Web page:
nep-pbe New Economics Papers
on Public Economics
Issue of 2020‒12‒07
nine papers chosen by
Thomas Andrén

  1. New Zealand's Tax Reforms and 'Tax Sheltering' Behaviour By Gemmell, Norman
  2. Do details matter? An analysis of Italian personal income tax By Martino Tasso
  3. Do Couples Bunch More? Evidence from Partnered and Single Taxpayers in New Zealand By Alinaghi, Nazila; Creedy, John; Gemmell, Norman
  4. Breaking borders? The European Court of Justice and internal market By Spengel, Christoph; Fischer, Leonie; Stutzenberger, Kathrin
  5. Personalized Digital Information and Tax-favoured Retirement Savings: Quasi-experimental Evidence from Administrative Data By Claudio Daminato; Massimo Filippini; Fabio Haufler
  6. The Effect of Foreign Dividend Exemption on Profit Repatriation through Dividends, Royalties, and Interest: Evidence from Japan By Makoto HASEGAWA; Michi KAKEBAYASHI
  7. A Note on the Annuity Role of Estate Tax - ONLINE SUPPLEMENT By Monisankar Bishnu; Cagri Kumru
  8. Age-related taxation of bequests in the presence of a dependency risk By Leroux, Marie-Louise; Pestieau, Pierre
  9. Pension information and women's awareness By Marta Angelici; Daniela Del Boca; Noemi Oggero; Paola Profeta; Maria Cristina Rossi; Claudia Villosio

  1. By: Gemmell, Norman
    Abstract: This paper examines two episodes of tax reform in New Zealand to evaluate the extent of tax sheltering in New Zealand. Tax sheltering refers to activities undertaken by taxpayers to earn income in forms that allow this income to be ‘sheltered’ (legally or illegally) from the tax that would normally apply in the absence of such activities. Identifying the nature and extent of tax sheltering behaviour is, however, not straightforward given incentives to hide it and the high resource cost of comprehensive taxpayer auditing. As a result, researchers are often reduced to identifying ‘traces’ (indirect and imprecise indicators) of sheltering activity. This paper examines a variety of variables that can be expected to reveal such traces of sheltering activity related to the ‘legal form’ (corporate, personal, trust, etc.) by which income is earned and taxed. Two substantive reforms to income taxation in New Zealand, in 2000 and 2010, generated two pre- and post-reform tax regimes that allow examination of the issue. The tax regime changes gave rise to different hypothesised effects on ‘legal-form’ tax sheltering that the analysis seeks to exploit. The results provide strong support for those hypotheses. Firstly, tax changes in 2000 created an incentive for individual taxpayers to reduce their personal taxable income (when they paid the top personal rate), and to shift income towards corporate and trust entities. The evidence is consistent with these predictions. Secondly, reforms in 2010, removed the trust route to tax sheltering and reduced incentives and opportunities to earn income via some, but not all, types of corporate ‘arrangement’. Pre- and post-2010 evidence confirms both that the use of trusts declined, and that the most tax-favoured corporate arrangements increased in use after 2010.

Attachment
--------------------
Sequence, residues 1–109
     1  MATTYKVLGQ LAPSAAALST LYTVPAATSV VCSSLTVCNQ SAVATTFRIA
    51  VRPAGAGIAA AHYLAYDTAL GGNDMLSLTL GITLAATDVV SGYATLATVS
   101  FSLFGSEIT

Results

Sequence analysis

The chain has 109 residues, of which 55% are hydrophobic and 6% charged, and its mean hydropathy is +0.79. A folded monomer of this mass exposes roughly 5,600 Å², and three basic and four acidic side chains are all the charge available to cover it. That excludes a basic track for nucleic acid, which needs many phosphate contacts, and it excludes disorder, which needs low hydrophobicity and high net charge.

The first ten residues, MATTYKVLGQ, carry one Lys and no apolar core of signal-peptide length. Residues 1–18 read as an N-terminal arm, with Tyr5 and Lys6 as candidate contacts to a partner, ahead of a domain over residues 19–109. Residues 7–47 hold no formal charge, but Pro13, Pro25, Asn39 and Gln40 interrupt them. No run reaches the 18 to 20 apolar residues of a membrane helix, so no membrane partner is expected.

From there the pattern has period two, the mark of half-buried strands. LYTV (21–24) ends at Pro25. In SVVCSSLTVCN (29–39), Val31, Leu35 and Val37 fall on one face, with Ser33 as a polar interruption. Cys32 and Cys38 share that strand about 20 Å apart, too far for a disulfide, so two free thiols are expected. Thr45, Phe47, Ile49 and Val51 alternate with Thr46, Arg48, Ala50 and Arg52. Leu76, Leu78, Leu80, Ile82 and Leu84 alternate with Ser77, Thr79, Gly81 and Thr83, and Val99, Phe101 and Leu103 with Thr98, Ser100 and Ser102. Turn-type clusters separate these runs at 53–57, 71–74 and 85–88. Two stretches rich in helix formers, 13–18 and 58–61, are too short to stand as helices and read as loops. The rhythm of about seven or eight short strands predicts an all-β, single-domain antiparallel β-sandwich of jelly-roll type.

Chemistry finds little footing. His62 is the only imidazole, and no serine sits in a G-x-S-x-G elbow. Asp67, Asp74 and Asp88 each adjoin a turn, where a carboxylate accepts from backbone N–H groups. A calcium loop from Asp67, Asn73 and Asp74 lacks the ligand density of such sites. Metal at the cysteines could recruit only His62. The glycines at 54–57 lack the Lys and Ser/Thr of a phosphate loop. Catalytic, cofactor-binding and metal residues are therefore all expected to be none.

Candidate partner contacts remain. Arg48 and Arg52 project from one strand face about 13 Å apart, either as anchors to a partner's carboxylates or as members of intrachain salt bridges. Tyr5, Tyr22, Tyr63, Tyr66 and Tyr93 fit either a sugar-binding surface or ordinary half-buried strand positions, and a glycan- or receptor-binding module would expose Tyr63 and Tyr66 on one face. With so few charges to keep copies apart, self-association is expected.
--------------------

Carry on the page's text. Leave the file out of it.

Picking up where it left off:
Keywords: Tax sheltering, New Zealand income tax, Tax policy, Trust taxation, Corporate taxation,
    Date: 2020
  2. By: Martino Tasso (Bank of Italy)